“Mr. Trump and his allies could not accept that an emerging multiracial coalition of voters across the state rejected him. Election deniers focused on Atlanta, a city whose Black residents total about half the population, as the place where Georgia’s election was purportedly stolen…

“The conspiracy to overturn Georgia’s presidential election results was replete with acts of intimidation by numerous people. Mr. Trump and Rudy Giuliani engaged in a full-scale harassment campaign against Fulton County election workers when they baselessly alleged that two individuals added fake votes to Mr. Biden’s tally. Mr. Trump threatened [Georgia secretary of state Brad] Raffensperger and a state employee with ‘a criminal offense’ if they declined to join his corruption, warning them they were taking ‘a big risk.’ A healthy democracy cannot tolerate this behavior.”

Anthony Michael Kreis, New York Times

“‘So what are we going to do here folks?’ Trump asked during the one-hour call [with Raffensperger]. ‘I only need 11,000 votes. Fellas, I need 11,000 votes.’ Trump still oversaw the Justice Department at the time and threatened Raffensperger with criminal charges if he failed to support the attempted coup…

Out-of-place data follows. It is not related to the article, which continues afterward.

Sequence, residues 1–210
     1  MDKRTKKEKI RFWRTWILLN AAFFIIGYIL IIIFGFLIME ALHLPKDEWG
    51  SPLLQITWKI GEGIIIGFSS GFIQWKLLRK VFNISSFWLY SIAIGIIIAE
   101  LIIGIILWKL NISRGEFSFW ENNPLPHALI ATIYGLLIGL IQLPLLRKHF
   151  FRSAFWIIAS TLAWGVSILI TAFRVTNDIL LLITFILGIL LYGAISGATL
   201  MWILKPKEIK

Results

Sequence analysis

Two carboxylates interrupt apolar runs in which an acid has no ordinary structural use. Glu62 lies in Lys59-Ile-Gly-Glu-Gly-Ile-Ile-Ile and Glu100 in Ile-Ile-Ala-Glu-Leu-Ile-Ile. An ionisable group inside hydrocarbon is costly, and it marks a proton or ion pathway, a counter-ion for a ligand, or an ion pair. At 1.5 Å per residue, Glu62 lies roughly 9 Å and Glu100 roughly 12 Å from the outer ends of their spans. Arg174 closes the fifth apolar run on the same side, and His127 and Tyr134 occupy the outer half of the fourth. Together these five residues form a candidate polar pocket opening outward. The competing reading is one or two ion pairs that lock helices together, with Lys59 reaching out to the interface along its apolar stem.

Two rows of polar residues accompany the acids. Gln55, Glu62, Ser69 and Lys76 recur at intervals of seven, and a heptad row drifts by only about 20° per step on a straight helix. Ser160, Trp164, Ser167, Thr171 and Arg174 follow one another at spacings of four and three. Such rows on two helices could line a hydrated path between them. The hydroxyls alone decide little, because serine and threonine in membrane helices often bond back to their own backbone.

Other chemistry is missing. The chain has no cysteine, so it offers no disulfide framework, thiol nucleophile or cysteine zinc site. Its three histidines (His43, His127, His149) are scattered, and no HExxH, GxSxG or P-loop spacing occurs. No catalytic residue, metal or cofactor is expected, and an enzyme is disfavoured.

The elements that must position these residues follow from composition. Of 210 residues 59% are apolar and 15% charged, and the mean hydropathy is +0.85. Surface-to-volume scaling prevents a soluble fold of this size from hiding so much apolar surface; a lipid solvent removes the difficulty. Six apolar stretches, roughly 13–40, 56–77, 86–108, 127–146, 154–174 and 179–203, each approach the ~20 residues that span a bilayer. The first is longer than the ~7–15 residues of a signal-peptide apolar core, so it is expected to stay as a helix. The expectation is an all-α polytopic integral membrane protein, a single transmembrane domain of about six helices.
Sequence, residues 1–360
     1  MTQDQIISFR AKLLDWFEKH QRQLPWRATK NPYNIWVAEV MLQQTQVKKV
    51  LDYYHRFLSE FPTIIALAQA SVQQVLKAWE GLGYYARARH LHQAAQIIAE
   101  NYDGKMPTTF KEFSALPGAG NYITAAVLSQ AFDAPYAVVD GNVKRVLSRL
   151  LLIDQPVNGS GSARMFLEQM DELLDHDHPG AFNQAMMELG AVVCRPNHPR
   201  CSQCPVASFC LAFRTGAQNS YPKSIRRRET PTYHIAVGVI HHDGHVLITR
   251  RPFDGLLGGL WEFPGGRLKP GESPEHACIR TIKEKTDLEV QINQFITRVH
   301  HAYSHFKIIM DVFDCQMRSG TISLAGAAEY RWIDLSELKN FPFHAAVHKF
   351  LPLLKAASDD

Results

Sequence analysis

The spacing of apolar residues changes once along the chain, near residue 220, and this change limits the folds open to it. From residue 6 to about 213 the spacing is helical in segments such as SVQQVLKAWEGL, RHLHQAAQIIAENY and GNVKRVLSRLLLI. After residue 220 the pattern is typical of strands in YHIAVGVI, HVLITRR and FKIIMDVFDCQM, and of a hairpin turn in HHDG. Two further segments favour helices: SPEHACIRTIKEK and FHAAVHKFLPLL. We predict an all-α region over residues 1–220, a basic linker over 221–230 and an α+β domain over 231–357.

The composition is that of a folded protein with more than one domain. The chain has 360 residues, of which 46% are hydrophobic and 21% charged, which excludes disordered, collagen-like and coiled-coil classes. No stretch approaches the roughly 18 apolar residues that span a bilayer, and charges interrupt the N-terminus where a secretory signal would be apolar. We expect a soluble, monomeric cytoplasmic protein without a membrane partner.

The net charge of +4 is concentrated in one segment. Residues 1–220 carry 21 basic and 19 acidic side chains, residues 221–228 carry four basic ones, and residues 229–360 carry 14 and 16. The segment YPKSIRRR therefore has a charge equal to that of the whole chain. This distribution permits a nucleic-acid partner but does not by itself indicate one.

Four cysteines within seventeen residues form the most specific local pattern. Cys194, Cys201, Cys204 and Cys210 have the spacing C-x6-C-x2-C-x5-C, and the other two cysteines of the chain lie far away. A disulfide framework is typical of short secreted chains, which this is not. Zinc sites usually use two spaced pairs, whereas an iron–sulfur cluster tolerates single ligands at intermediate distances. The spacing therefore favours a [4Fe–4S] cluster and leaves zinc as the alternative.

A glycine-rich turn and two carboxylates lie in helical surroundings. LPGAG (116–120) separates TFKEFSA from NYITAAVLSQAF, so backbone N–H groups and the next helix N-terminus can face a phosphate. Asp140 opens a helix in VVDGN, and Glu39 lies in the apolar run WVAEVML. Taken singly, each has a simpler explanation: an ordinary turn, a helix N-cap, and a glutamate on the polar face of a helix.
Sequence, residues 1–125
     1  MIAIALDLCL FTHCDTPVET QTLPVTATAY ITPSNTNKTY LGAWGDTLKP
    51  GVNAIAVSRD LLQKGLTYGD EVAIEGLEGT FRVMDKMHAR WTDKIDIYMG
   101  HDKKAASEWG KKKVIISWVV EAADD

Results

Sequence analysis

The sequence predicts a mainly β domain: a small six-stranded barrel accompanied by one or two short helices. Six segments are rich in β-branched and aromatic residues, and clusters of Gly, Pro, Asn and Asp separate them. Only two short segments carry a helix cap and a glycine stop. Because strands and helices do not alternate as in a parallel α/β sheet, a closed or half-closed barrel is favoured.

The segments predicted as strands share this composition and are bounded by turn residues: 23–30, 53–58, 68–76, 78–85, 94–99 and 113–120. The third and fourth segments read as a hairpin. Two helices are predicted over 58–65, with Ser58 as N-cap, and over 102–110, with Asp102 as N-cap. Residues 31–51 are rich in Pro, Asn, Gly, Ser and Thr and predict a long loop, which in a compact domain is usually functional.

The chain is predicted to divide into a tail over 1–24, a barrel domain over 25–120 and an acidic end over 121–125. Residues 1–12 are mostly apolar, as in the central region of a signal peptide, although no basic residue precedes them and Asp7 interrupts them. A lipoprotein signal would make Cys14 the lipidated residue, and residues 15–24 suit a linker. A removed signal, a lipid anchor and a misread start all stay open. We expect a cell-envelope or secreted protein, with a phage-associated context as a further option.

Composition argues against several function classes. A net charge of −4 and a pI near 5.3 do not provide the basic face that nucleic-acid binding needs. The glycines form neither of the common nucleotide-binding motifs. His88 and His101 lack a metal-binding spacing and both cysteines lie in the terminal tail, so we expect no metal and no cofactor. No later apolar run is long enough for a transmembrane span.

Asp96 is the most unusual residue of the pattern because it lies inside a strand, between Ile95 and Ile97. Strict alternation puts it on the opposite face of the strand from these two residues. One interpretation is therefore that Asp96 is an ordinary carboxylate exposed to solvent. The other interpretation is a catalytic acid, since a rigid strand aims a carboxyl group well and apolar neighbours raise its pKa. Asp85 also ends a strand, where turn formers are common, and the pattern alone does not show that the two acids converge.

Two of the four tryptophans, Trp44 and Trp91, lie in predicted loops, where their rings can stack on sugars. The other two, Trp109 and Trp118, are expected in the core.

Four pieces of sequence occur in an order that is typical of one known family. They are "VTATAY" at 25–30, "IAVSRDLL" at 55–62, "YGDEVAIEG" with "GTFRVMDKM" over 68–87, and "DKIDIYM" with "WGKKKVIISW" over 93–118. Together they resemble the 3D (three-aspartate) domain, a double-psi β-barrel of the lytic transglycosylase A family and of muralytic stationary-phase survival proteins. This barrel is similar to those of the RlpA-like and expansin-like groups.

“Trump isn’t being indicted for what he said. He’s being indicted for what he did. Sure, like any 77-year-old wandering alone and howling at the sky and storms like King Lear, Trump can say whatever he wants. But that doesn’t entitle him to do whatever he wants. His right to howl doesn’t empower him, under US laws, to then try to commit crimes…

“‘All conspiracies involve speech, and all fraud involves speech,’ Trump’s former attorney general, Bill Barr, observed in a recent CNN interview. ‘So, free speech doesn’t give you the right to engage in a fraudulent conspiracy.’”

Timothy L. O'Brien, Bloomberg

From the Right

The right is critical of the indictment, arguing that much of the behavior cited is not criminal.

The right is critical of the indictment, arguing that much of the behavior cited is not criminal.

Can Ms. Willis prove that Mr. Trump’s conduct was criminal, not delusional? ‘I didn’t lose the state, Brad,’ Mr. Trump said [on the call with Raffensperger]. ‘People have been saying that it was the highest vote ever. There was no way.’ He was bewildered that other Republicans hadn’t lost, while he had. ‘They had people in Georgia, for instance, that won, and I was way ahead of them,’ Mr. Trump told a state investigator on a December 2020 call. ‘They call it coat tails, right, and we pulled them across, and they say, ‘there’s no way I beat you by 15 points.’’

Editorial Board, Wall Street Journal